Massey University has generously donated the research expertise of its researchers from the Institute of Education to design and evaluate the results of this project. Professor James Chapman, the lead researcher, came to the meeting to explain the results. The first round of results only relate to children’s first 16-18 weeks of school so it is very early days, but Professor Chapman said that the trend of the results is definitely in the right direction. Children in the lower decile trial schools made the most progress. On average, they more than doubled what they knew about key aspects of writing and reading over this time. When the first graphs showing this progress were presented there was spontaneous applause from the audience! This was a real reward for all who have contributed, and it encourages us to renew our efforts to maintain this trend.

The results compared the progress made by children in low and high decile schools. Overall the challenges these groups face are very different. Children who start school with more literacy knowledge, typically those children in high decile schools, usually make more rapid progress than those who start with less knowledge - the gap that exists at school entry slowly widens. This was not the picture we saw for children in the trial schools. The rate of progress was the same for children in the trial schools whether they were in a high or low decile school. The gap that existed when they started school did not increase. This is very encouraging. In the comparison schools, children in the high decile schools made more progress than those in the low decile schools – evidence of the increasing achievement gap.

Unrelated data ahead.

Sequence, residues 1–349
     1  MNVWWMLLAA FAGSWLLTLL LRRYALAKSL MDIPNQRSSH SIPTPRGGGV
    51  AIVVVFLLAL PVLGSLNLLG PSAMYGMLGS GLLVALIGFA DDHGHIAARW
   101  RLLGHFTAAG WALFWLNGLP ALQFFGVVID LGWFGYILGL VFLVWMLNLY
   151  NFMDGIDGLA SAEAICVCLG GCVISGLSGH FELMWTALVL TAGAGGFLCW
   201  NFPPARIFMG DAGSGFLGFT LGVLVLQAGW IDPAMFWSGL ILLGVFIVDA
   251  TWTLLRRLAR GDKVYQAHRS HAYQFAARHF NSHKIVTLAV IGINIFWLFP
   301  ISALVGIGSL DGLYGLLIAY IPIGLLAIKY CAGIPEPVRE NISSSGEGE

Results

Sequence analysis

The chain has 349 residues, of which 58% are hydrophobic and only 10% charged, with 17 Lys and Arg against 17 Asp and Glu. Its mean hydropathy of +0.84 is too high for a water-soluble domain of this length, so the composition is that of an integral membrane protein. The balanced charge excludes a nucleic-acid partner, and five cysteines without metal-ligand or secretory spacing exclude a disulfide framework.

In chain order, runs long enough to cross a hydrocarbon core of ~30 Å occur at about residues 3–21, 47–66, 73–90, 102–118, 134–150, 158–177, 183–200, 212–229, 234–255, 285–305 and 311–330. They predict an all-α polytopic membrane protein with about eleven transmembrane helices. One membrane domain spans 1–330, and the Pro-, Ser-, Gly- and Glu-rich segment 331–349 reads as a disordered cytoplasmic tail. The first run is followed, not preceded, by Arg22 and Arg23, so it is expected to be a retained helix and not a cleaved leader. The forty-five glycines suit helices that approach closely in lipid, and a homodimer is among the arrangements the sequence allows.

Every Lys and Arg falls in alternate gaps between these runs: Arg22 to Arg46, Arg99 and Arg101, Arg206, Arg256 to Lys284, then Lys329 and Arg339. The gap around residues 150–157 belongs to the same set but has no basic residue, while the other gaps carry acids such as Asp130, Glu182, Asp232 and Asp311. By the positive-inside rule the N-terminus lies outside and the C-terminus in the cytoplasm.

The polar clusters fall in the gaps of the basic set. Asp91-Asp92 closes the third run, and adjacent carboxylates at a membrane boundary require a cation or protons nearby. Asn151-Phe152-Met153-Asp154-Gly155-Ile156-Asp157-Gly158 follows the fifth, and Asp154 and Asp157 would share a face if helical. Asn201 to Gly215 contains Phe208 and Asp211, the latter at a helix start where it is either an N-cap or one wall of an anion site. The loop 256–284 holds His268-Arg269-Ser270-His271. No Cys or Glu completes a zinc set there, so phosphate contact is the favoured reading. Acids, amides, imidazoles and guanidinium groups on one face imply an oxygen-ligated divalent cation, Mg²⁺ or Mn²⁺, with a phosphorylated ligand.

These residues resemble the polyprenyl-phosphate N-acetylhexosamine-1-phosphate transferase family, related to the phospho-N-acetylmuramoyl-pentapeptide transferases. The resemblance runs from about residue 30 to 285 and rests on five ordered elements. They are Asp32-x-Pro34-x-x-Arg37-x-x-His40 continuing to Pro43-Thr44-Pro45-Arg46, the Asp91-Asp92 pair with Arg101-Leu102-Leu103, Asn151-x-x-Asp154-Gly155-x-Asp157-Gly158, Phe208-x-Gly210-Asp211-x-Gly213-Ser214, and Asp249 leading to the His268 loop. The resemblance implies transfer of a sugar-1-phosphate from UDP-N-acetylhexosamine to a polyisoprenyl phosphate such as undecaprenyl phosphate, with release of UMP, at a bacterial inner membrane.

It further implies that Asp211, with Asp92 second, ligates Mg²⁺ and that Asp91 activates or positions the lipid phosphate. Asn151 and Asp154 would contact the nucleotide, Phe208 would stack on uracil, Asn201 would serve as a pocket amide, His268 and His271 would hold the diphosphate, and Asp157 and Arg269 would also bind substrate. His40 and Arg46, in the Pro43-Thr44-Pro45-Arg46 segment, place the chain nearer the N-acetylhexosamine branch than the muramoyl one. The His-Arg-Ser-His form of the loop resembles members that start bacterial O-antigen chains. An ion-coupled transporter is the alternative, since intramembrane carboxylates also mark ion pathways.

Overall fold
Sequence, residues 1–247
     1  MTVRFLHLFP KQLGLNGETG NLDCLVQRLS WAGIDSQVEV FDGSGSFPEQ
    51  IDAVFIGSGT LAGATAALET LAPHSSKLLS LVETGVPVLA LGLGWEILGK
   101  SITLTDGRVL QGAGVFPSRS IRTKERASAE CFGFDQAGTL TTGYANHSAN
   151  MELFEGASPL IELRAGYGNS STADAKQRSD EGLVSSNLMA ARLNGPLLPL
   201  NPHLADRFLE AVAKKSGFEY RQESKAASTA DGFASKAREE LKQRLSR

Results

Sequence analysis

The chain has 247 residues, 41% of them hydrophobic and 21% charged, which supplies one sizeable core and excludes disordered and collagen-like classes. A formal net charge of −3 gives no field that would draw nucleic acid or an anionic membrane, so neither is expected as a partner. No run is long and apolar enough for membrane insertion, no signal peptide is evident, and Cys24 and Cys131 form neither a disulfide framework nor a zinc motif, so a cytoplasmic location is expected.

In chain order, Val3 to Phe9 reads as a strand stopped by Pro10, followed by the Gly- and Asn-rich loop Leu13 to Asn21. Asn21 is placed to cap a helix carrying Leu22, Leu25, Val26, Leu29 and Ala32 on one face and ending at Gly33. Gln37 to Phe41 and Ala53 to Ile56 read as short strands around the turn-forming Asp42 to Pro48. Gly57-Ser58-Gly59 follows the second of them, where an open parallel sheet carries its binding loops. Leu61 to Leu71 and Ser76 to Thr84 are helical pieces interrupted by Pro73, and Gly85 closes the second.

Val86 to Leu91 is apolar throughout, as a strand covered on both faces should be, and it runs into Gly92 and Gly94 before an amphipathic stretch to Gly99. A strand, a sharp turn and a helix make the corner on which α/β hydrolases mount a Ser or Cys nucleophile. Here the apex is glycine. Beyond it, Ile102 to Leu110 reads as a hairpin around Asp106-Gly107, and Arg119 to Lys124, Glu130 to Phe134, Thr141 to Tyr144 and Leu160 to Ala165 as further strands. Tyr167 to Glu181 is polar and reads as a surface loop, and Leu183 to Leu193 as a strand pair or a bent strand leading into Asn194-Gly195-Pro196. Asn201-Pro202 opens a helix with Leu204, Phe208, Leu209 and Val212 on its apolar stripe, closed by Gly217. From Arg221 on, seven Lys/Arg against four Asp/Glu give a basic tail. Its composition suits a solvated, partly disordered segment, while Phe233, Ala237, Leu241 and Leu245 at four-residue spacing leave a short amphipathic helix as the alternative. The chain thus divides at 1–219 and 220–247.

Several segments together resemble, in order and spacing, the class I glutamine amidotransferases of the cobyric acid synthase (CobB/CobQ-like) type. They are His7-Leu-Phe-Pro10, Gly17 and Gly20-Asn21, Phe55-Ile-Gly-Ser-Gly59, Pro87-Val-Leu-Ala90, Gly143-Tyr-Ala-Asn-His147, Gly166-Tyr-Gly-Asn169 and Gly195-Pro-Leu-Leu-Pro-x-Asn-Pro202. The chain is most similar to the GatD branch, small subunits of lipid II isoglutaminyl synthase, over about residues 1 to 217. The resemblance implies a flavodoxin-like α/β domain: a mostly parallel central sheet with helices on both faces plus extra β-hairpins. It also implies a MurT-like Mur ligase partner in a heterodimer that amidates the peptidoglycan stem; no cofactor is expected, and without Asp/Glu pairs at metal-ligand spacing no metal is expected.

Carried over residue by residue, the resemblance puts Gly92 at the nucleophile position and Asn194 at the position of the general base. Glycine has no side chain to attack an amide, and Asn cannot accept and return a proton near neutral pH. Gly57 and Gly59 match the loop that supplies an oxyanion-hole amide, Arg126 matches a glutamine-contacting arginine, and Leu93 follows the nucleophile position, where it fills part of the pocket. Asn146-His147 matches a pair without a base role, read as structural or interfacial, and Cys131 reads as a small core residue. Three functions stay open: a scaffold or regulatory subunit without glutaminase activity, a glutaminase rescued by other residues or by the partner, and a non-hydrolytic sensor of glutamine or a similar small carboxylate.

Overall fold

Results show that all children have made improvements in all areas of knowledge in both trial and comparison schools in their first 16-18 weeks at school. What we set out to do in this project was to target certain skills that are essential for literacy development and to ensure that they were all taught explicitly from the start. The areas of targeted, explicit instruction that are the focus of our trial have produced more rapid gains for children in the trial classrooms. This does not mean that the comparison classrooms have not performed well; it simply means that targeted instruction can produce greater gains. We are very encouraged by the trend of the results, which is definitely in the right direction.

The next round of testing will be completed at the end of June 2015 where we will be retesting children after 37-38 weeks at school. A second report of progress will be available once these results have been analysed.

In the meantime we are continuing to fundraise to keep the project going, and to grow when new schools join the trial in July this year. We need funds to pay the research assistants who do the testing, and the coordinator who keeps the project running and provides support for schools when required. We also need to continue to provide resources for classroom teaching and for home/school use so that we can show families what their children are learning. We are launching a page on the Spark Foundation’s Give a Little website and hope to generate financial support for the project through this. Our page is called ‘Literacy Success For All’.

Joy Allcock
Shine Literacy Project leader

Shine Literacy Project - off to a great start